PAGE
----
Not to be confused with National Patriot’s Day, celebrated in April on an annual basis, on September 11th we honor those who died and those who served heroically during the worst terrorist attacks in United States history.
On September 11, 2001, almost three thousand people died in New York, Washington, D.C. and in the fields of Pennsylvania.
Everyone remembers where they were and what they were doing when they first saw the events on television, or heard about them on the news coverage that continued throughout the day, night and beyond.
A month later, the U.S. House of Representatives passed Joint Resolution 71. It was first designated as the Day of Prayer and Remembrance for the Victims of the Terrorist Attacks on September 11, 2001.
The following year, President George W. Bush proclaimed that September 11 would be observed as Patriot Day.
The President directed that the American flag be flown at half-mast and displayed from homes, at the White House, and on all U.S. government buildings at home and abroad. Most businesses do the same.
Americans are asked to observe a moment of silence beginning at 8:46 a.m.(EDT), the time of the first plane crash at the World Trade Center.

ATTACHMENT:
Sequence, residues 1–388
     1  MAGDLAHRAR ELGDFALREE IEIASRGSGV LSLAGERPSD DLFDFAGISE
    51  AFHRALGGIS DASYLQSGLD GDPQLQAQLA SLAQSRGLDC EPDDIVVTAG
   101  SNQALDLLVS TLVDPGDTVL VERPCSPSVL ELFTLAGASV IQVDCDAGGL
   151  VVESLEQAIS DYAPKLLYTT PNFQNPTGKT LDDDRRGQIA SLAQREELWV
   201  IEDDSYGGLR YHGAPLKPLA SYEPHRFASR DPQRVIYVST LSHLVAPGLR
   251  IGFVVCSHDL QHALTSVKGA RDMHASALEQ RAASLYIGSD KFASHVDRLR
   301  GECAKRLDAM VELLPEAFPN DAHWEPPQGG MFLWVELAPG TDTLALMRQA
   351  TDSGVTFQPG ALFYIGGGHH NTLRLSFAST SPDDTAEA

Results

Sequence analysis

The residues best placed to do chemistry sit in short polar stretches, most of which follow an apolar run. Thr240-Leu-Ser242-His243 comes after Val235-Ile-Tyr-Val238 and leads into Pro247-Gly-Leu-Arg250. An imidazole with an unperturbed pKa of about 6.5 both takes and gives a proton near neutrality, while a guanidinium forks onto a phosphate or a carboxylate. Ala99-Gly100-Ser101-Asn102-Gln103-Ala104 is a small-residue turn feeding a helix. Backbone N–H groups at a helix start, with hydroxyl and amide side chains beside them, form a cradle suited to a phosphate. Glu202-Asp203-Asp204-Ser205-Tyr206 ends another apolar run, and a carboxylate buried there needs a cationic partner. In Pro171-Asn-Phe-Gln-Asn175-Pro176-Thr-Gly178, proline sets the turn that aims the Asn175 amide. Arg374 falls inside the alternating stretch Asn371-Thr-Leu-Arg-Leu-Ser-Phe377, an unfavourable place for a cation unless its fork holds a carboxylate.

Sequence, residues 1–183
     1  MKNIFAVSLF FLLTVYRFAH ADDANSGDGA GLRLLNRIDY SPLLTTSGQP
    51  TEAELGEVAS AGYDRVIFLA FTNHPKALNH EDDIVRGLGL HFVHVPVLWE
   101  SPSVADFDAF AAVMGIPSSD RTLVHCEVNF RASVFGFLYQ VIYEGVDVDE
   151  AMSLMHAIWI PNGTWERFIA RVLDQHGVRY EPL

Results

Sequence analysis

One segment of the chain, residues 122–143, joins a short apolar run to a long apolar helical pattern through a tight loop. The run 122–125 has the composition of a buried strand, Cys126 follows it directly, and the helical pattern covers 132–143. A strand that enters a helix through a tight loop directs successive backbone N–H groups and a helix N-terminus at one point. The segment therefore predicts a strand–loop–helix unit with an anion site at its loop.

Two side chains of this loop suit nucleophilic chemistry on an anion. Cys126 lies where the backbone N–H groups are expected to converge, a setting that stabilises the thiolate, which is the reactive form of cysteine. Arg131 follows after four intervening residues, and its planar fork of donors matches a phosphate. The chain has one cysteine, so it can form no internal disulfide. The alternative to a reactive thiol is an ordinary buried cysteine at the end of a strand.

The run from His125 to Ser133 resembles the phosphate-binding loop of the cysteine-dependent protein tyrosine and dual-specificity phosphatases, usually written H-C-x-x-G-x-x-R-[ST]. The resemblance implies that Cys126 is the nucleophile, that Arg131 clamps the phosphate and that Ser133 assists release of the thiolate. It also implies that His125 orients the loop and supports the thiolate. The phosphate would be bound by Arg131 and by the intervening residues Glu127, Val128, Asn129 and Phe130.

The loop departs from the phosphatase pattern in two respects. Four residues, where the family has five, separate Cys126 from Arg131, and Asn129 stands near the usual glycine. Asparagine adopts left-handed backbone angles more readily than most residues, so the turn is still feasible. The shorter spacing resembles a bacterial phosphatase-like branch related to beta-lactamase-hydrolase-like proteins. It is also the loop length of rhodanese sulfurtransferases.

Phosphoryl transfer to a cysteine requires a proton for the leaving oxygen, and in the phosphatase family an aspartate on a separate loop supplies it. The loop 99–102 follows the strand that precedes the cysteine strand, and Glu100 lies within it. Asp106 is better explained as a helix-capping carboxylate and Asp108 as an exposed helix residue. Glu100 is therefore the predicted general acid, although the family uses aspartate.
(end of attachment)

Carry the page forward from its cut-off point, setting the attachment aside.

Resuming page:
Patriot Day is a time of both sadness and pride: sadness for the innocent victims and their families and pride in the actions of the firemen, first responders, and the brave acts of so many others.
Patriot Day will continue to take on added significance again this year with the running of the Boston Marathon five years after the bombings that killed three people and injured more than 250. The marathon is always held on Patriot’s Day.
This year, Patriot’s Day falls on a Tuesday. Many schools and businesses may offer activities.
Words like terrorism and terrorist attacks can be tough to know how to teach young ones, but this is a world in which terrorism and terrorist attacks are a daily reality.
Together, through education and choosing love over hate, we can do our part to keep our country unified.